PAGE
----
Fast Rites: because sometimes brevity is fundamental.
In the earliest days of thrash, a great prophecy was foretold. It spoke of a day when the False had inherited the Earth and roamed freely, spewing forth vile blasphemies about thrash being “boomer metal” or that “Megadeth was always awful” and other such nonsense perpetuated by those holding no respect for the roots of the genre. As these False Legions flocked towards their Pitchfork shoegaze masquerading as black metal or washed-up, has-been “alternative” one-hit wonder bands whined about the “pussification” of a genre they know nothing about, a Great Resurrection has been brewing in the shadows.
The prophecy spoke of a band returning from the depths of cult obscurity to obliterate the forsaken Earth with the True Power Of Speed And Almighty Aggression in the Final Thrashmeggedon. With the return of Canada’s Witches Hammer (not “Witch’s,” this is a hammer made from two or more Witches), the long-awaited revelation may well be nigh. Originally releasing a handful of demos and EP’s between 1985 and 1987, Witches Hammer could feasibly be categorized as Canada’s Rigor Mortis, playing a hyper aggressive brand of thrash; albeit slicing a little more like Razor circa Executioner’s Song and Evil Invaders.
In their Second Coming, it’s though Witches Hammer died, went to hell, and return with a more visceral vengeance. The vocals sound gruffer, more entrenched in death: Rayy Crude no longer sounds like Sheepdog; in resurrected form he’s more like a fire breathing hellhound thirsting for unrepentant souls. And while the endearing aspect of the band – taking Dave Carlo’s Harley Davidson-esque purring palm mute tones and rubber-on-pavement pinch harmonic squeals into more extreme and outlandish realms – may no longer be the centerpiece focus of the band, the more modern production goes for the throat as a loud ‘n’ lean, mean ‘n’ full of speed barrage on the adrenal gland.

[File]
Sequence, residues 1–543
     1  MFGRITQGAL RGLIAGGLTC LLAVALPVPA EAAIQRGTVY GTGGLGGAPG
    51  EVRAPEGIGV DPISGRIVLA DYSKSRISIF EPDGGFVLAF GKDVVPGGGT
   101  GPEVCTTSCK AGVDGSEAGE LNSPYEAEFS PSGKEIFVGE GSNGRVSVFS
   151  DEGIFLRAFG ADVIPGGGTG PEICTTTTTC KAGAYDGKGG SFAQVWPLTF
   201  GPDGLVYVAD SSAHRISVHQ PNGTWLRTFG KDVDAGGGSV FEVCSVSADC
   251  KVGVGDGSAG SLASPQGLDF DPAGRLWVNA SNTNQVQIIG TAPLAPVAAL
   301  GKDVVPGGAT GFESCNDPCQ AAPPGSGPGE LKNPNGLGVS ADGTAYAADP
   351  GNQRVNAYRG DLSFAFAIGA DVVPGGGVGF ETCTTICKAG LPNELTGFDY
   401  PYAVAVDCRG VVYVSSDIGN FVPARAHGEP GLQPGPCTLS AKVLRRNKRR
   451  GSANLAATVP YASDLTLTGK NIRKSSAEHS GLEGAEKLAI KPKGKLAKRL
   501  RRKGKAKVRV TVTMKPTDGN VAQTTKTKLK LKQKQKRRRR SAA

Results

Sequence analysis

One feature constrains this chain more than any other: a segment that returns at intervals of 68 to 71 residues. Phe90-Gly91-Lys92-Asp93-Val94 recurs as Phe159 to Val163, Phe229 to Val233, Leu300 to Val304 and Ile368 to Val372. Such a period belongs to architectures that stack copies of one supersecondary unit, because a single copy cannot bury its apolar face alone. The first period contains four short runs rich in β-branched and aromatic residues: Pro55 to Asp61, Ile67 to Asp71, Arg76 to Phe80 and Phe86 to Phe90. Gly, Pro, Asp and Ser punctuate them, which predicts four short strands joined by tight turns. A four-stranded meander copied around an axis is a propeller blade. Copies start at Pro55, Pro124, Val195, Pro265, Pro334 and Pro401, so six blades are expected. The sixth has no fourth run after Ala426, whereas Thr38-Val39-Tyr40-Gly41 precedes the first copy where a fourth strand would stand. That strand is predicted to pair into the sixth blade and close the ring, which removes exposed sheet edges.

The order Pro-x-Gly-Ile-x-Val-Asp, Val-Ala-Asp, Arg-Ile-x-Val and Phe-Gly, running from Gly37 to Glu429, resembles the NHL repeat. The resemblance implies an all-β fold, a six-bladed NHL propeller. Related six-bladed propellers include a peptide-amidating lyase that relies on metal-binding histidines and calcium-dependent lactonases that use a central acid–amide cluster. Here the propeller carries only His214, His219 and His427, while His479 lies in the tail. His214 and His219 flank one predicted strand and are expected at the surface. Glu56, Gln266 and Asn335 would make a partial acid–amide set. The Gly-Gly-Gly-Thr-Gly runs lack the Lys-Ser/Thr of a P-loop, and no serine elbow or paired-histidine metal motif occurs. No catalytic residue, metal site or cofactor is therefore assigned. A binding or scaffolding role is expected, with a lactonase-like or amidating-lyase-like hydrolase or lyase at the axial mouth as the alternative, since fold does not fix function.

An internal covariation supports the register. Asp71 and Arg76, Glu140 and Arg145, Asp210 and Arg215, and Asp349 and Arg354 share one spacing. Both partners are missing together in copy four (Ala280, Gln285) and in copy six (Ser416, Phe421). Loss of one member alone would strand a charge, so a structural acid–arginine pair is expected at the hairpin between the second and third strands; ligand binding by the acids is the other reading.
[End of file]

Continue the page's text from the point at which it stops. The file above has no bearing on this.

But holy hell, this is a Fast Rites, and this is supposed to be about SPEED, so let’s blaze through a few highlights of Damnation Is My Salvation. Not only does album opener “Across Azeroth” reintroduce the band with their more blackened vocal approach, it shows the band incorporating more death/thrashy elements to the musicality. The whiplash shifts between riffs that were such a distinct part of the band’s original sound are still, present, though they feel a bit more intentional than on the original material. The bass walking across the bridge on “Damnation Is My Salvation” feels like a callback to the band’s earlier utilization of the bass for melody as well as rhythm: all strings better be bringing their A-game if the oncoming apocalypse is to be brought to term. The eponymous “Witches Hammer,” one of the band’s earlier songs that pulled straight from the Show No Mercy handbook now sounds like “Die By The Sword” intravenously injected with a cocktail of super steroids and PCP. Another one of their re-recorded tracks, “Deadly Mantis,” begins as a pretty standard thrash number with some Slaughter influence before beginning to slide further toward death metal territories before concluding with an onslaught of divebombs and frantic guitarwork. The album’s closer, a new number titled “Nine Pillars,” best describes the band’s realization of their potential: death-laden thrash that turns on a dime, a collision of wailing dives of destruction, a venerable riff salad coated in a dressing of malicious intent.
So will Damnation Is My Salvation fulfill the prophecy and bring about the thrashmegeddon this weekend? While it’s probably not quite enough to bring about the True Second Coming Of Speed, it certainly is a soldier on the front lines. To those still fighting for battle-hardened thrash, Witches Hammer are the morale boost of a fallen hero who returns to battle with an even greater conviction and bloodlust.
Release date: April 25, 2020. Label: Nuclear War Now! Productions.